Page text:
upFront.eZine: Does Electra do analysis?
Thomas Yip: No, it does not. The key idea is that Visio offers an economical solution for schematic designers. We have 1,000 SmartShapes that transform into 3,000 symbols.
upFront.eZine: In my experience with Visio (which ended with release 2002), the program would become very slow when the drawing size became too large. Does this limit the size of drawings Electra can handle?
Thomas Yip: Visio is not slow anymore. Our customers have diagrams of up to 300 pages, which load in 30 seconds. Internally, we have tested Electra with drawings of 1,000 pages, and it runs fine.
And One More Thing...
Owen Ransen's PhotoToMesh software ($60) generates bas-relief STL files for 3D printers from photographs and images. It creates rectangular, cylindrical, spherical and polygonal objects; the new version 5 adds partial spheres and partial cylinders, allowing small 3D printers to create larger objects. Also new: LithoPhanes, which are back-lit photographic plates.
Free demo downloadable from http://www.ransen.com/PhotoToMesh
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Letters to the Editor
Re: What's New On the CAD Side of Vectorworks 2015
I really liked the content. Although I never sat down with Vectorworks, I could imagine the enhancements you were describing. I understand what it means when the OEM adds a category to a tool that should really be there, rather than letting users work with unintended data types through a loophole. When the OEM sets up a tool right, they cover so many nice features that usually get missed when something just happens to work on an unintended object type. I'm kinda missing the AEC industry,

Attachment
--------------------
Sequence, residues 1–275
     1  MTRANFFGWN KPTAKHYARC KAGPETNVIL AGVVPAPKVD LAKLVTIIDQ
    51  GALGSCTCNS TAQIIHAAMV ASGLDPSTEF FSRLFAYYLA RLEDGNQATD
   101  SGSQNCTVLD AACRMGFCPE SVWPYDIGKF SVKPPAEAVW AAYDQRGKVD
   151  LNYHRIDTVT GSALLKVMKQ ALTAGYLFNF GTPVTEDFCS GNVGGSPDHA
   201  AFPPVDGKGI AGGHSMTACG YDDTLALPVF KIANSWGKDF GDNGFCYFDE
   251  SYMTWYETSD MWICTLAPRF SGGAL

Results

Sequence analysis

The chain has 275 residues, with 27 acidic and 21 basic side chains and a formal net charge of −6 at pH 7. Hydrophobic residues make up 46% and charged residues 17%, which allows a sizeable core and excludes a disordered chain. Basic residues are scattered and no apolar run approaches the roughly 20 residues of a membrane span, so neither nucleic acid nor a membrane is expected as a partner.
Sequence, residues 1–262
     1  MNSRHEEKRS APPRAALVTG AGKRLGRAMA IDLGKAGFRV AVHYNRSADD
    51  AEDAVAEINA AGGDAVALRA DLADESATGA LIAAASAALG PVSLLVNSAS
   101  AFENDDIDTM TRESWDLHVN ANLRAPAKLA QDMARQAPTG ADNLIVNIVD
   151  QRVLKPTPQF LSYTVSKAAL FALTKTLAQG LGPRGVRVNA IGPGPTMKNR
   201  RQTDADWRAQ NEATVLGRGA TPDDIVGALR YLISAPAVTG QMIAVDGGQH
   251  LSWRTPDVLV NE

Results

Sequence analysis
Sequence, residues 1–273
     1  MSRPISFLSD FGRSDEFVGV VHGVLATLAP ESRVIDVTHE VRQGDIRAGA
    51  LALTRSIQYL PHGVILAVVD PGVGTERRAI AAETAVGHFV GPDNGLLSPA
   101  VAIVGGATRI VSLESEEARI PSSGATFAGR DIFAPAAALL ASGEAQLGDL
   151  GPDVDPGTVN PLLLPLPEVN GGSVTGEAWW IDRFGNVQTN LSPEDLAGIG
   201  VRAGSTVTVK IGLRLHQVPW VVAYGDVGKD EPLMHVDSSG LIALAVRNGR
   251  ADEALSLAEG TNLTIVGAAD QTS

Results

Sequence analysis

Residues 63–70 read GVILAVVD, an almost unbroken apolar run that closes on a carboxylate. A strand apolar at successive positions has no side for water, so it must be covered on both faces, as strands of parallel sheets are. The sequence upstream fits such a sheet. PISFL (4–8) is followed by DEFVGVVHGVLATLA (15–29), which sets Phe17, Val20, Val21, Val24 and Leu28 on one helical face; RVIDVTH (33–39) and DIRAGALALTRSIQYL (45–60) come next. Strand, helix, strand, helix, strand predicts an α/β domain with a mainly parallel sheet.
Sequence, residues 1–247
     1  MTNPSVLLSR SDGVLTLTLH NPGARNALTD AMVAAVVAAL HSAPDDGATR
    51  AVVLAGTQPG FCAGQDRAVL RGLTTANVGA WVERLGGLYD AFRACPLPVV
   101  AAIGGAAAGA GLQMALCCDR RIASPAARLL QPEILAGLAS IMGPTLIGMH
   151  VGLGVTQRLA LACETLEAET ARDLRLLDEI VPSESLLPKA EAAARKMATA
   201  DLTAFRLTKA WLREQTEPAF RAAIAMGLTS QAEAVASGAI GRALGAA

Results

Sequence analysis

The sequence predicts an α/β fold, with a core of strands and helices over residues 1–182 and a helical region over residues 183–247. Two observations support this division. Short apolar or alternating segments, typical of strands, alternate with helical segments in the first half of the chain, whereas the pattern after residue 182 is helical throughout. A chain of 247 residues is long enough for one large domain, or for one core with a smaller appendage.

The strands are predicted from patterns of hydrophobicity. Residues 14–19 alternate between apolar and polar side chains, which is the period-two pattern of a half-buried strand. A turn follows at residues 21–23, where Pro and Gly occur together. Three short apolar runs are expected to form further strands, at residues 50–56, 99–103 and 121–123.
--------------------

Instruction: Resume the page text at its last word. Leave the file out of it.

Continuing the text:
- R. P.
Re: All Quiet on the CAD Lawsuit Front
Can't let this one pass. I think Nissan beat BMW to the punch by a year. Which is not to say that BMW was copying Nissan (on products that probably have a 4-year design process). Would be interesting to know how they both came up with nearly-identical products. Was there some concept car that they were both looking at?
- Jess Davis, president
Davis Precision Design, Inc.
The editor replies: Sometimes car makers cooperate, like when Mazda and Ford co-designed the Tribute-Escape miniSUV. Ford knew about SUVs and Mazda knew about making cars small.
Way back when IBM produced the original BIOS for the PC... bugs were duplicated by competitors, intentionally, so that their BIOS would exactly behave as the IBM one.
- Dik Coates
The editor replies: Yes, I recall that now that you mention it. Another one was a bug in an Intel CPU that caused math errors in large spreadsheets.
Finally reading this now (Outlook sent it originally into my Junk folder – how rude!) and I was compelled to comment on your inclusion of a lyric quote by Lorde. How very edgy/trendy of you!
- Kristin Halligan
The editor replies: The song came on SOMA-FM "Indi Pop Rock" (an add-free Internet radio station) as I was preparing the issue, and so it slid right in.
"2D will go on and on, probably for 50 years."
- Craig Therrien, SolidWorks product manager
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Entire contents copyright 2014 by upFront.eZine Publishing, Ltd. All rights reserved worldwide. Letters sent to the editor are subject to publication. Article reprint fee: $840. All trademarks belong to their respective holders. "upFront.eZine," "The Business of CAD," and "WorldCAD Access" are trademarks of upFront.eZine Publishing, Ltd. Letters to the editor may be edited for clarity and brevity. Translations and opinions expressed are not necessarily shared by upFront.eZine Publishing, Ltd.